Host Garrison Keillor answers your questions about life, love, writing, authors, and of course, A Prairie Home Companion.
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September 24, 2007 |
I have been writing short children's stories for several years, mostly for my children who are now grown and ready to have children of their own. How do you get the courage to submit them to a publisher? To send them off to the world as a part of you, like a child off to college, never to return to you the same person you sent out? And then, how do you cope with the inevitable rejection of
part of yourself when the reject letters arrive? Thanks for any insight you can share on how to get these stories out the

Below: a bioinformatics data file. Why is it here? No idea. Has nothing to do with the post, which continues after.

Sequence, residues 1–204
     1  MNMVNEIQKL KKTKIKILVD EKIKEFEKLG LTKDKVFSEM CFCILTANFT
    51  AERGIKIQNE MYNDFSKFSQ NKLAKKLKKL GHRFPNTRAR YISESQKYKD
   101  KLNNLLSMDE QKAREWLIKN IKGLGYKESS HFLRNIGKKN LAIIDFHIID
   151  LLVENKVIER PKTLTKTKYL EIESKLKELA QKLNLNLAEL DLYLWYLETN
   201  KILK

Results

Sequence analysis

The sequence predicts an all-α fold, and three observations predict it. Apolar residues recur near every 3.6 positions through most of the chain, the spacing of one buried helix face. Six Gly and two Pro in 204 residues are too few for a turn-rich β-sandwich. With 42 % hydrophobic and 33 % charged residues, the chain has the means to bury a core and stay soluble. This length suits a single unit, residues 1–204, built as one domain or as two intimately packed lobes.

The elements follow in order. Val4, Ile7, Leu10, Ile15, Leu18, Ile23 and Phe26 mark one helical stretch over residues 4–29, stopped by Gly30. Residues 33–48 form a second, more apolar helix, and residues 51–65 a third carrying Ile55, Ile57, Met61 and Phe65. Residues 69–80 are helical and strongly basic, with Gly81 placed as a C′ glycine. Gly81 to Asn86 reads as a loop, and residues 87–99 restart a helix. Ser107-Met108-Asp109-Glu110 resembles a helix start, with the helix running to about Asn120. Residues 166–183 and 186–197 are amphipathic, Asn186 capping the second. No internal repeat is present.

You're a writer, Jenny. Look at your letter I didn't change a word of it. Every sentence says what it means, no flab anywhere. Publication is the natural outcome of writing, once it achieves shape and style and urgency, and so of course you will find the courage and you will cope with the rejection. Motive is important: some people want to have written, other people want to write to work with the material and tinker with the parts and rearrange and tear apart and start over. If you feel the stories aren't ready to go out the door, put them away for awhile and write something else. There's no rush. Write stories for grown children. Write about your children. Write something that would astonish your grown children. But eventually you will pack up the stories in a manila envelope and ship them away. They'll be rejected and then one day maybe they won't, but you won't care terribly either way because you're a writer, you're at work on new things.